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Caregiving Chronicles will present news and analysis on caregiving topics in MetroWest and around the world, in-depth Q&As with experts in fields related to caregiving and updates and announcements about caregiving resources available in MetroWest from CaregivingMetroWest.org Program Director Douglas Flynn.


Caregiving Chronicles Q&A: Massachusetts AARP State Director Mike Festa discusses his organization's focus on helping family caregivers
By Douglas Flynn / December 14, 2015
As an organization with over 37 million members, AARP carries considerable clout when it comes to issues affecting people 50 and over in America. And AARP is attempting to use its resources and influence to support to the growing numbers of family caregivers.

In a conversation with the Caregiving Chronicles blog, AARP Massachusetts State Director Mike Festa discussed why supporting family caregivers is so important to his organization and how AARP is looking to address issues related to caregiving.

“As advocates we are looking at supporting caregivers as our No. 1 priority,” said Festa. “We believe that because of the extraordinarily significant numbers of caregivers – in Massachusetts we’re talking 800,000-plus caregivers in the state – that a lot of people are affected by it. Supporting caregivers is an important social mission of our organization. And that manifests in a couple of ways.”

The first focus in AARP’s attempt to assist caregivers is on the legislative level. At both the state and federal level, the AARP national organization, which is based in Washington D.C. and has approximately 1,800 employees in the nation’s capital, is leading the fight to create or improve laws to assist those caring for a loved one.

AARP is organized in 53 regional offices, one for each state, plus Washington D.C., Puerto Rico and the Virgin Islands. With partisan gridlock making it difficult to get much done in Congress in any area, much of AARP’s lobbying might is focused on the state level.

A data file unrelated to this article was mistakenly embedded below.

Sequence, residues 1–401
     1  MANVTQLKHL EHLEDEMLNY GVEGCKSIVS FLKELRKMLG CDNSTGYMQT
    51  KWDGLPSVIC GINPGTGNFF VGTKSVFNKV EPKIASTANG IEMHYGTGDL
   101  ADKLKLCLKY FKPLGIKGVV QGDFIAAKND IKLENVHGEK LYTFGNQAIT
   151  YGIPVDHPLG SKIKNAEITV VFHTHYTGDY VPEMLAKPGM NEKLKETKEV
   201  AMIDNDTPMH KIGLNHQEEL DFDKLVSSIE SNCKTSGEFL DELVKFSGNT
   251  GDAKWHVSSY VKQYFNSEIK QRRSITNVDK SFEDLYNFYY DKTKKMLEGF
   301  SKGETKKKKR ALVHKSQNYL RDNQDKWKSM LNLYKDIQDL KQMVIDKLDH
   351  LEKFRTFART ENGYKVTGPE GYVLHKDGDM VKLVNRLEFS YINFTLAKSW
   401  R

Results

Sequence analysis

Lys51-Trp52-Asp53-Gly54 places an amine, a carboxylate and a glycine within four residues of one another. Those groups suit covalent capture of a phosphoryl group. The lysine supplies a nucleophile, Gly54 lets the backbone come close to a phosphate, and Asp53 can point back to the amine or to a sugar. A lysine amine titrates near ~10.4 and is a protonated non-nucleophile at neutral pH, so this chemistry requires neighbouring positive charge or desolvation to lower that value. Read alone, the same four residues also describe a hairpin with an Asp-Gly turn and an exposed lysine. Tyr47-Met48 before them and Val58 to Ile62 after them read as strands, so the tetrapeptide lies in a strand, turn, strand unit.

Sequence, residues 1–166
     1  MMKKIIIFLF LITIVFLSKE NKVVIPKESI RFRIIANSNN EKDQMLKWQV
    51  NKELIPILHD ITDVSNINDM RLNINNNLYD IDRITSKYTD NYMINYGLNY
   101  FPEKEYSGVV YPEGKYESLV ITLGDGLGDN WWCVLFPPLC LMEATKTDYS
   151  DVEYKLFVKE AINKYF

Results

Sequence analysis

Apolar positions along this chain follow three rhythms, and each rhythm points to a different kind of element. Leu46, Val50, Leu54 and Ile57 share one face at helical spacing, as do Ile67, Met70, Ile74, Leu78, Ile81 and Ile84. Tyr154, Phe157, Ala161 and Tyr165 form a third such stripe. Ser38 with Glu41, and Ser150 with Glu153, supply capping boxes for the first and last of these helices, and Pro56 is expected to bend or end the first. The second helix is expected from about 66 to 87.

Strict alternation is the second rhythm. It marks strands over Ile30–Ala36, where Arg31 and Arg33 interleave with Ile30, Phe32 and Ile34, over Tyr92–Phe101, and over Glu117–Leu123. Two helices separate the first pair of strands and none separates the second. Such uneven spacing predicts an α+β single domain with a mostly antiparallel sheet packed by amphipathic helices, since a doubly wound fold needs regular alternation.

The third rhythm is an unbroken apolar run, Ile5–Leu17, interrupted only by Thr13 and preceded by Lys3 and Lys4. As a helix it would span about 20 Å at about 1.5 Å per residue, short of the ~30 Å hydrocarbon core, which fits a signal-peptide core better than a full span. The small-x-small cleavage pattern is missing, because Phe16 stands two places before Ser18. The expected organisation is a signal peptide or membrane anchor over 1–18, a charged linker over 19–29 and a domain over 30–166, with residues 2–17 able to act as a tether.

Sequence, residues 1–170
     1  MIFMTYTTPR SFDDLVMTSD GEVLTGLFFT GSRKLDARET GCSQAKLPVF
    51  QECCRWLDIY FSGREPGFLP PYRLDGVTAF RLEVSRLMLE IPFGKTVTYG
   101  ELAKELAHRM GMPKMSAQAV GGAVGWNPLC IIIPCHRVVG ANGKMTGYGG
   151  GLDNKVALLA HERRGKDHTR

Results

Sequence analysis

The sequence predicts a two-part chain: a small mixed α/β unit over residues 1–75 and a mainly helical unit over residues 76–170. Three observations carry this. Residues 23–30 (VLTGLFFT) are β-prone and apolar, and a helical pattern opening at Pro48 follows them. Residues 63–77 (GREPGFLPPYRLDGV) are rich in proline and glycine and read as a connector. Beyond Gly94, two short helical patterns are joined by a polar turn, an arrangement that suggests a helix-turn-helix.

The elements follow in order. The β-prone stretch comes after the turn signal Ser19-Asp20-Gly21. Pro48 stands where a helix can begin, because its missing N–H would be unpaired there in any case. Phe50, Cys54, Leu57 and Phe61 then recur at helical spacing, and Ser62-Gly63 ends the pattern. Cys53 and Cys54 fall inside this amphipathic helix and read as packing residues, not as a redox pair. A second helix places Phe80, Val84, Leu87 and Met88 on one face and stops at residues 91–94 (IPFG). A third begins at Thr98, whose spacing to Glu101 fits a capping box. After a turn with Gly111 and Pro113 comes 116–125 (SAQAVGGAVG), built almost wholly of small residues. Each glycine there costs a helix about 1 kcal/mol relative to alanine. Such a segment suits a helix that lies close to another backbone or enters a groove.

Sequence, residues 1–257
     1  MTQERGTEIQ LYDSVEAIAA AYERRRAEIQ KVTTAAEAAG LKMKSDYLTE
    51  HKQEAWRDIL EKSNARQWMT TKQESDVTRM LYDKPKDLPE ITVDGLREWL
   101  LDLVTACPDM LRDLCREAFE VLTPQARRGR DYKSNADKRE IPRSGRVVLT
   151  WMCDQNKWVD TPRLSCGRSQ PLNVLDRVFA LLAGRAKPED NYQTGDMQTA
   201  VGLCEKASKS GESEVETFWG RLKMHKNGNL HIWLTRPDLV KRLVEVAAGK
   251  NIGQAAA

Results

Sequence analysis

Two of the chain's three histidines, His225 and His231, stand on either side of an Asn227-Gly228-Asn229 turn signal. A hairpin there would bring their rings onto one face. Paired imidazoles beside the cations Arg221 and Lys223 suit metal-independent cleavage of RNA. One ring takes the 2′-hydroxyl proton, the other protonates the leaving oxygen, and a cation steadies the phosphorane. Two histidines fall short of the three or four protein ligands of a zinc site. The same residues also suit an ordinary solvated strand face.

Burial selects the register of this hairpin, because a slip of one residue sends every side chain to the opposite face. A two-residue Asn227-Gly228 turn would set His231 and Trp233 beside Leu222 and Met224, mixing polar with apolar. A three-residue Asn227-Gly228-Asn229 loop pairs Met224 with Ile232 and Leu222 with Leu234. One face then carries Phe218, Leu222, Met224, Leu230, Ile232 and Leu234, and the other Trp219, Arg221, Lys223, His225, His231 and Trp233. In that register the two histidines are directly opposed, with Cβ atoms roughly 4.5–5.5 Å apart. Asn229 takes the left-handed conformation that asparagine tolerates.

“What we’re doing is we’re taking the work programs and advocacy to the local level,” said Festa. “We are a national membership organization that recognizes that the action and the need to be relevant to our member and to people generally 50-plus is to do the work in the community and do the work in the states.

“I have a team in Washington that I can call upon for research, lobbying support, legislative drafting,” Festa continued. “They have all these experts in just about every area of our work, so they often will assist us in what we’re trying to do here. We’re a national membership organization where the focus of the work is at the state level.”

That includes a push on several key pieces of legislation here in Massachusetts.

“There are a number of legislative priorities that we think if those laws were to pass, it would help caregivers deal with their challenges and their opportunities,” said Festa, who put passage of the Caregiver Advise, Record, Enable (CARE) Act at the top of AARP’s agenda.

“The CARE Act is model legislation that came out of the research that was done nationally that showed that a lot of people that are caregiving are dealing with some complicated nursing and medical tasks without the benefit of either being trained or given the kind of information necessary to do the job with confidence and in some cases competently,” said Festa.

“It requires that when a patient is brought into the hospital an inquiry is made about whether the patient has a caregiver when they get home,” added Festa, detailing what the law will do. “That’s a voluntary disclosure. It’s not a legal document, but it’s an important way to document that the patient when they return home has someone, or doesn’t have someone, to care for them.

“Prior to discharge, the hospital will contact the caregiver and bring them into a conversation about what the patient may need in order to be safely and successfully kept at home. It will require the hospital to do things that aren’t uniformly done now. … They’ll be given whatever is needed. It might include demonstrations, conversations, written materials or a combination of all that. The idea is that when that person goes home the caregiver will know what to do.”

The CARE Act was filed in Massachusetts for first time this year by lead sponsors Senator Linda Dorcena Forry (D – 1st Suffolk, Boston) in the Senate and Representative Chris Walsh (D – 6th Middlesex, Framingham) in the House. Festa praised both lawmakers for their personal commitment to helping family caregivers.

“The fact both Chris and Linda have personal caregiving stories means they both understand full well the implications and frankly can persuade their colleagues more than some of us because of that personal experience,” said Festa.